There is a reality here that is obvious for all who read the Balance Sheet.(This excludes Duckduffer and DFWTRacker) Danka is 1 or 2 more quarters away from Bankuptcy.
Take a look at the Total Assets vs Total Liabilities. In the last 6 months Danka has managed to erase $100 million in Total Assets and yet there was only a $49 million reduction in Total Liabilities.
The accounts now stand at $669 million Total Assets & $636 million in Total Liabilities. That would give them an ultra small $33 million cushion of further losses prior to being Banko.
This alone should give you serious pause until you look a little deeper and see that they are still carrying $205 million in Goodwill on the Asset side. That's right folks, a full $205 million from overpaying for previous acquisitions that still sits on the Balance Sheet as total FLUFF. Take that little nugget out and Danka is already Banko.
Lets just say that we forget about that little "asset" and move on to just the Current Accounts. What do they show?
Current Assets: $384 million
Current Liabilities: $340 million
How long is it going to take the stellar management of this firm to wipe out this very slim $44 million? That is the $44 million question of the day.
When they do, it's Good-Bye. Not Reorganization either. Close your doors Good-Bye.
This is not a technicality. When your Liabilities exceed your Assets that is the definition of Bankruptcy used by all firms in all markets.
That is the reason that a buyer has not stepped forward too. The Balance Sheet is in tatters and there is simply no worth left to purchase. A Buyer would only assume the debt ridden, Asset fleeced Balance Sheet.
Follow this message link to my prior post if you care to take a look. It is not "proof", but the facts are laid bare and you can make your own decision regarding Danka's financial distress.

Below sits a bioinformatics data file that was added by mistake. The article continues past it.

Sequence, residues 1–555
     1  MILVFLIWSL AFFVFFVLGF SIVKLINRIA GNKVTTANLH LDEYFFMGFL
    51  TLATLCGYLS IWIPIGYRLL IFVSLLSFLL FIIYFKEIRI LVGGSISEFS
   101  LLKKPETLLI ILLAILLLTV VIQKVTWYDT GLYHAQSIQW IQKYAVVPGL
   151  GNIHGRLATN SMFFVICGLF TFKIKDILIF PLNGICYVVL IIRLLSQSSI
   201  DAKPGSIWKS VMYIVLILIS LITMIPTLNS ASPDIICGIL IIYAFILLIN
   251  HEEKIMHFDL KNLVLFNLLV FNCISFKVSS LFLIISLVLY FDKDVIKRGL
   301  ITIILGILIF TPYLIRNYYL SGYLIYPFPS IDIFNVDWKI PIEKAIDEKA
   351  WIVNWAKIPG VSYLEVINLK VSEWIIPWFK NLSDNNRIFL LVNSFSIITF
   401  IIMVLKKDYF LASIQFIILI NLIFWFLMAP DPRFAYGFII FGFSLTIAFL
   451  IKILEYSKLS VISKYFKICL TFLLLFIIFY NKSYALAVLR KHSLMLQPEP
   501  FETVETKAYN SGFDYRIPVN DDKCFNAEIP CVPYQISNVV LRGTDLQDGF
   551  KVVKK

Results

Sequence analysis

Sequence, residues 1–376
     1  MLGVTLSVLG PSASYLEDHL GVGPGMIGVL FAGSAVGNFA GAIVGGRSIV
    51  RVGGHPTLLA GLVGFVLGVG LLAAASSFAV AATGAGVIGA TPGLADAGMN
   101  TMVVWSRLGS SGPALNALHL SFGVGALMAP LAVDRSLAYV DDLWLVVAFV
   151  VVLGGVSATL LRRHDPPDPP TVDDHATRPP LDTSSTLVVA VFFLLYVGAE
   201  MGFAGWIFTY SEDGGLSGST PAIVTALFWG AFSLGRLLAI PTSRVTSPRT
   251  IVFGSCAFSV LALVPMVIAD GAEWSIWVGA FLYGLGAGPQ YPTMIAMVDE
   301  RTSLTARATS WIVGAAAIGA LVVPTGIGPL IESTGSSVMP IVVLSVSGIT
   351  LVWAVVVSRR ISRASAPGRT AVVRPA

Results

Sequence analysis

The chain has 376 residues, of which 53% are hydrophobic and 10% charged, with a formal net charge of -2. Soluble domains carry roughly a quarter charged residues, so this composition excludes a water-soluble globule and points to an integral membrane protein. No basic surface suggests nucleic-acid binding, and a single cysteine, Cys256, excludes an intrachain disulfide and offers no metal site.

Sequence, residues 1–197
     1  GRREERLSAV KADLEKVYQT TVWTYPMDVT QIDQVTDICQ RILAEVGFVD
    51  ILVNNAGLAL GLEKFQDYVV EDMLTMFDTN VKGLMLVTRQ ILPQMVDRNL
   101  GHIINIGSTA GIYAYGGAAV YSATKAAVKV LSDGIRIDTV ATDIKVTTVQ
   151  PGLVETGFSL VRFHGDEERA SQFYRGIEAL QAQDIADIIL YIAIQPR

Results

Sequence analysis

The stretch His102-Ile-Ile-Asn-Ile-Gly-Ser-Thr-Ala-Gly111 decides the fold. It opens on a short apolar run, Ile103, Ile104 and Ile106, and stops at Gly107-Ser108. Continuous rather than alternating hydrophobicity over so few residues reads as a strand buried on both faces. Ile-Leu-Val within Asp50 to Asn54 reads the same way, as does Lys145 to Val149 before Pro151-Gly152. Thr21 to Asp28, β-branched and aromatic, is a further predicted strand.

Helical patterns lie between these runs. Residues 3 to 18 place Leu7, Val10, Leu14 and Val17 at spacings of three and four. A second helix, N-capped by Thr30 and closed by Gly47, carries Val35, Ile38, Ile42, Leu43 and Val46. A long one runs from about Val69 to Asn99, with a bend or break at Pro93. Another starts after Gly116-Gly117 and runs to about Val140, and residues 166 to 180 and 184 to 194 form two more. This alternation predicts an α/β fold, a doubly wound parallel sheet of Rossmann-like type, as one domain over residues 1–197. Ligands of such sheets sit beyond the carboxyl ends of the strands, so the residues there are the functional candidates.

As soon as their auditor gives them a "going concern" warning, it will be too late. The stock will tank further than it is currently.
That point has to be near. With only $40+ million in assets to waste, it is not going to take management long to drive this company straigt into oblivion.
Ask yourself how long it's takent them to lose that amount of money in the past? The run rate is 1-2 quarters.
The (non) BK info was in previous posts...next time, spend an hour and read them before you invest.
Lowry specialized in taking companies BK (check his history at Anacomp Inc), rolling over the corp debt, forcing bond holders to accept less favorable terms, and taking the public shares down to the same level as wallpaper. Once he realized that he could not do that at Danka USA because of their UK parent, he headed for the hills - where the monks live.
Say what you will, Danka USA ain't going the BK route.
Three more times -
1) Danka USA cannot go bankrupt - because they are owned by a UK parent company.
2) Danka USA Cannot Go Bankrupt - Because They Are Owned By A UK Parent Company.
For those of you that still don't quite get it:
3) DANKA USA CANNOT GO BANKRUPT - BECAUSE THEY ARE OWNED BY A UK PARENT COMPANY.
There will be a Pop Quiz tomorrow at high noon; here's the sole question: "Can UK-owned Danka USA go bankrupt?"
This is not to say, of course, that some idiot company could not, in theory, make a tender offer and buy the USA subsidiary for the tax loss credits then close all the Danka doors and fire most personnel to cut overhead and merge whatever repetitive business is left into their own infrastructure. Not easy nor cheap to close lots of facilities mid-lease or sell them.